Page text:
Breakthroughs in ICT and related fields have prompted a surge of interest in the use of drones and other remote sensing techniques to support water asset owners, municipalities and others monitor their network.
Taking a remote view of water
Mega trends such as climate change and increasing urbanisation are prompting water asset owners turn to better and more dynamic monitoring methods.
Advances in a number of related technologies such as electronics, IT and communications have seen arial and aquatic unmanned aerial vehicle (UAVs) as well as other remote monitoring techniques rapidly emerge as a viable option and, quick to catch on, the water sector is one of the early adopters.
Urban expansion and the related growth in impervious surfaces, coupled with the impact of climate change and aging infrastructure are increasing the likelihood of high impact flooding events in towns and cities.
With the aim of increasing resilience and the options for mitigation in the wake of recent flash flood events, the city of Dudelange in the south of Luxembourg has been the focus of new research from the University of Luxembourg and RSS-Hydro.
This recent study has been attempting to establish a benchmark for urban flood modelling using high-resolution 3D mapping data acquired from different airborne platforms such as UAVs and satellites.
According to the researchers, urban flood modelling is particularly challenging given that most modelling is currently based on low-resolution bare earth models. These models typically do not include sufficient data on important elements like drainage networks that allow the accurate prediction of flooding events.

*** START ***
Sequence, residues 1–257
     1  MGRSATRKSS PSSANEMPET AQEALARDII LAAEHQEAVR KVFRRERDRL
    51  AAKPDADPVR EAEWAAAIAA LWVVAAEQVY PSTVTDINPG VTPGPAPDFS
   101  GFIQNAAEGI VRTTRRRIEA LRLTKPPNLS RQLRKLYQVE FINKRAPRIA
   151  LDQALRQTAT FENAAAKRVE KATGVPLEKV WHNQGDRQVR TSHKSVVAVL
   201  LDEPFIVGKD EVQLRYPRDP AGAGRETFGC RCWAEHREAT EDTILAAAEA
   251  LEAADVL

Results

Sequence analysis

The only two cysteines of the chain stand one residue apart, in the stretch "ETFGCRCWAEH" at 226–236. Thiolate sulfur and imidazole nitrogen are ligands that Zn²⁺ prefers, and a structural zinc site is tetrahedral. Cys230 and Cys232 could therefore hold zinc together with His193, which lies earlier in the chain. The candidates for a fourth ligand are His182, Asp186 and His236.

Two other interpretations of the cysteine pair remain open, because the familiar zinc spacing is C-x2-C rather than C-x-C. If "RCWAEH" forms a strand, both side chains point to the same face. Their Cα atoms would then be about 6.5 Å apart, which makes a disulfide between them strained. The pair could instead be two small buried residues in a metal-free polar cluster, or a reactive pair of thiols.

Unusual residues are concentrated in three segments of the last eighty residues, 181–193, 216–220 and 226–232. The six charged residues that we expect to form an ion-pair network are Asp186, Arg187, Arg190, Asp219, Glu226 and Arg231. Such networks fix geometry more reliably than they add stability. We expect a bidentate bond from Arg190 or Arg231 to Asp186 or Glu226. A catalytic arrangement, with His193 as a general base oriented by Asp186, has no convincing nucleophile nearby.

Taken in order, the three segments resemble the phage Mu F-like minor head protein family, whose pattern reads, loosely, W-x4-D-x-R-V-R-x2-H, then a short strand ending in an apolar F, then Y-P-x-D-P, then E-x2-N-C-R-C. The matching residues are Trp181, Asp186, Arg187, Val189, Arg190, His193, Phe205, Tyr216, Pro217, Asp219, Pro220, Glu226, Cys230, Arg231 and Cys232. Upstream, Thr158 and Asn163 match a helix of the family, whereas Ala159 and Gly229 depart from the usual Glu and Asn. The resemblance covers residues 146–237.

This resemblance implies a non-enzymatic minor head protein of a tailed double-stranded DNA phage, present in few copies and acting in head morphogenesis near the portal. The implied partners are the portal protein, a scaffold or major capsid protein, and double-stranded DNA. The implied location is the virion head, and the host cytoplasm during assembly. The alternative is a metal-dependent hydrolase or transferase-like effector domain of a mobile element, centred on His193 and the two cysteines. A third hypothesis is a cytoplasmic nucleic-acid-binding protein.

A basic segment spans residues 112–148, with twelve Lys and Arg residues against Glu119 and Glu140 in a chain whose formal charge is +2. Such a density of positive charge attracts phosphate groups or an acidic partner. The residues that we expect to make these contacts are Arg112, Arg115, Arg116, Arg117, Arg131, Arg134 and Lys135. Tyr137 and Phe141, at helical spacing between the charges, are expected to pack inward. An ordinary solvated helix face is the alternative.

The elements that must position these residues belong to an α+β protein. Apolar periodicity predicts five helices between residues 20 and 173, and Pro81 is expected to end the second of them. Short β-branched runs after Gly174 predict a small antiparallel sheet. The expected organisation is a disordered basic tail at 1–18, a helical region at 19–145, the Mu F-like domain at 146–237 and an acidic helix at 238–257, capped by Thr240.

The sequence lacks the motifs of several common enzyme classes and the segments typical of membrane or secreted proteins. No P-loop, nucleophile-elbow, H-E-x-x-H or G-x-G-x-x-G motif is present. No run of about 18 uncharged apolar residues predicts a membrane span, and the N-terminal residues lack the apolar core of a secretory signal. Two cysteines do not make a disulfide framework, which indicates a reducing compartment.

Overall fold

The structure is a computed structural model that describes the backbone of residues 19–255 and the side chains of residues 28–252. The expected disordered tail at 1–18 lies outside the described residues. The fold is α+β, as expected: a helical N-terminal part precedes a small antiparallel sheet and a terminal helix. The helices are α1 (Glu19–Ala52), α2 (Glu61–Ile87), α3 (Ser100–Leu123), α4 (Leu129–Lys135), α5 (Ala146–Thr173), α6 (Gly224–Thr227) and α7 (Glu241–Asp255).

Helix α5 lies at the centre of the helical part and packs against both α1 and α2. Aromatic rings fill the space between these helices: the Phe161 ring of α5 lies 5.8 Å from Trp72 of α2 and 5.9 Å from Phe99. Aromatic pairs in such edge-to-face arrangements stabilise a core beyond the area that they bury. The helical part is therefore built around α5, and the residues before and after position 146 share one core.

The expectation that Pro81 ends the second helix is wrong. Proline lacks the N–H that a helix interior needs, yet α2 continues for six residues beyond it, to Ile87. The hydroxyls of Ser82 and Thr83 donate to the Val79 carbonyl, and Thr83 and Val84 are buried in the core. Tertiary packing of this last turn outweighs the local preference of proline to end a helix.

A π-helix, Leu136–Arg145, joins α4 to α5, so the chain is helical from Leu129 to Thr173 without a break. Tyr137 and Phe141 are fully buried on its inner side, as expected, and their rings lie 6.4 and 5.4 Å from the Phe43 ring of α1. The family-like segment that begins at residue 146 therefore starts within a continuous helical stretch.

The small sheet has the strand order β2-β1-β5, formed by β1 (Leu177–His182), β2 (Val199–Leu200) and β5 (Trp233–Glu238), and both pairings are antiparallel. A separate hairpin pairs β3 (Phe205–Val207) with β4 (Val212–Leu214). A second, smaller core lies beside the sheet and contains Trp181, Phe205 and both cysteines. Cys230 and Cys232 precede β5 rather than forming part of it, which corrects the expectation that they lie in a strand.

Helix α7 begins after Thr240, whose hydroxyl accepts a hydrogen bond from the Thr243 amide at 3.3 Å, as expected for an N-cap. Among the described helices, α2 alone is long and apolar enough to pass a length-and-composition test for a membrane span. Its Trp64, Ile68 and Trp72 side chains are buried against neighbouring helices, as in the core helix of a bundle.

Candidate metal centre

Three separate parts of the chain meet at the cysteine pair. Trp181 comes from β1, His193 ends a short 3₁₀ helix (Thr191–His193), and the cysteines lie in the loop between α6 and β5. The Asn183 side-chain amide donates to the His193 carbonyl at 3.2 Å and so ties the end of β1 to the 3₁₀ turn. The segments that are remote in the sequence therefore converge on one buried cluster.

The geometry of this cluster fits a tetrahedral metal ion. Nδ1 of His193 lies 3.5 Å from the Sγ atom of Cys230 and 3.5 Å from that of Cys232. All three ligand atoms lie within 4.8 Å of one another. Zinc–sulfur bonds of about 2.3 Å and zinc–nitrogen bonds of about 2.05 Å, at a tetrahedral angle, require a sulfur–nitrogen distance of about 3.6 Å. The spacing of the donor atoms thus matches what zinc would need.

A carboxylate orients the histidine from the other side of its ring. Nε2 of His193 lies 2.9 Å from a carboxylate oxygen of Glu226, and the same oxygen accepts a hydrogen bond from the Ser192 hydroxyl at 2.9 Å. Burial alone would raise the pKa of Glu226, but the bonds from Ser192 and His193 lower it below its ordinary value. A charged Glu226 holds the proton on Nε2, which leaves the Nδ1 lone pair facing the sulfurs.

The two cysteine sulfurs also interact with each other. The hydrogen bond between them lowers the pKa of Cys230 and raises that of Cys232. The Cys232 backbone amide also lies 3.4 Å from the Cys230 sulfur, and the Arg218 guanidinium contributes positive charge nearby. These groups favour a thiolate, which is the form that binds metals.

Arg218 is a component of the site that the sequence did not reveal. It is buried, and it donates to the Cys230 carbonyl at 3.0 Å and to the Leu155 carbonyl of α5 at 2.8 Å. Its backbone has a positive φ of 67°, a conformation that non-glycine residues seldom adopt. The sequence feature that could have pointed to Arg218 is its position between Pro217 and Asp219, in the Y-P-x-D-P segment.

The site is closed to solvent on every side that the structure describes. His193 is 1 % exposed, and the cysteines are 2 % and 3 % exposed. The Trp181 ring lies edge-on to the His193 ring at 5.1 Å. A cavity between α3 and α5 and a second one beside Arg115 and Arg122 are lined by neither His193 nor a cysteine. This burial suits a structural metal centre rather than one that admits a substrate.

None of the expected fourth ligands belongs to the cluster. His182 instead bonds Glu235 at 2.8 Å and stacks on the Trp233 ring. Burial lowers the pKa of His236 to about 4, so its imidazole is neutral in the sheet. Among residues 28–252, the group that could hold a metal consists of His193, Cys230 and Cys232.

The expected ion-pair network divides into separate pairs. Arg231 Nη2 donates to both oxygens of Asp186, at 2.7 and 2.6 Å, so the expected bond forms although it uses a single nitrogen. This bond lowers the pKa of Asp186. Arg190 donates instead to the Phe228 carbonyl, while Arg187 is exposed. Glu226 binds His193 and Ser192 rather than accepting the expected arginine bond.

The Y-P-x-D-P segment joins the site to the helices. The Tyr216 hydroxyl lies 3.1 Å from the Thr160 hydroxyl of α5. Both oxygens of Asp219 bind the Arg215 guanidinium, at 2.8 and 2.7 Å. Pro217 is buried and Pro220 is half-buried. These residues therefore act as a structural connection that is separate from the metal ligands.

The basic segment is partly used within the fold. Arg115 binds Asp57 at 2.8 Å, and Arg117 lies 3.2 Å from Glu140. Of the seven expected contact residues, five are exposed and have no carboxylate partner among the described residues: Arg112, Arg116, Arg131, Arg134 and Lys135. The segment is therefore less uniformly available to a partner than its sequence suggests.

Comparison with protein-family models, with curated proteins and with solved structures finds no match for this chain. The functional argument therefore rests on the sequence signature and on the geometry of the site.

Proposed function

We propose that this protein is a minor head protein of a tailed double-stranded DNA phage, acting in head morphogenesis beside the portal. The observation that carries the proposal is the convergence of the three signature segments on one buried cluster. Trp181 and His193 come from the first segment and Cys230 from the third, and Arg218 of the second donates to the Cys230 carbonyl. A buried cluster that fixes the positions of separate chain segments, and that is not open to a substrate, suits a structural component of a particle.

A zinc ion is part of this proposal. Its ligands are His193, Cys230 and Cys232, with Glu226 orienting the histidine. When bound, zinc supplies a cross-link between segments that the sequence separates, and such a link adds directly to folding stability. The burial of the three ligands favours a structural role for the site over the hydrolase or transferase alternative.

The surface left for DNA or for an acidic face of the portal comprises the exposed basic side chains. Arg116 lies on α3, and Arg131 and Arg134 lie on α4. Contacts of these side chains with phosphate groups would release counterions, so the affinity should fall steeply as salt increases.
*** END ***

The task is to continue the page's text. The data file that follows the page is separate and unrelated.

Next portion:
“Urban flood modelling is particularly challenging given that most modelling is currently based on low-resolution bare earth models.”
Using low altitude drones equipped with Lidar and cameras, higher altitude aeroplane and higher still satellites, the research has generated a large, high quality, multi-modal and multiscale topographic data set.
Mooted as a first step in developing a precise 3D urban terrain model to feed into state-of-the art flooding models, the aim is to optimize the urban flood modelling and inundation predictionsexecuted by RSS-Hydro.
A rather more down to earth approach to remote monitoring is underway in Spain, where a micro UAV is being used to monitor and inspect Barcelona’s extensive sewer network.
The Aerial Robot for Sewer Inspection (ARSI) consortium established proof of concept in the first phase of this innovative project. It uses a multi-rotor-type micro aerial vehicle (MAV) equipped with data collection and navigation sensors.
Capable of semi-autonomous navigation and data collection while communicating with an on-surface operator, the MAV avoids mobility constraints that would affect terrestrial vehicles. It also eliminates the need for humans to investigate the challenging and often hostile environment that is found in an urban sewage network.
Fomento de Construcciones y Contratas (FCC), which has maintained Barcelona’s 1,500 km sewerage system since the early 1900s, worked with Ibak Helmut Hunger Gmbh & Co. Kg, Simtech Design S.L and EURECAT to develop the solution.
While the use of flying vehicle within the sewer may seem counterintuitive, the consortium notes that in fact a MAV avoids many of the mobility constraints associated with such environments.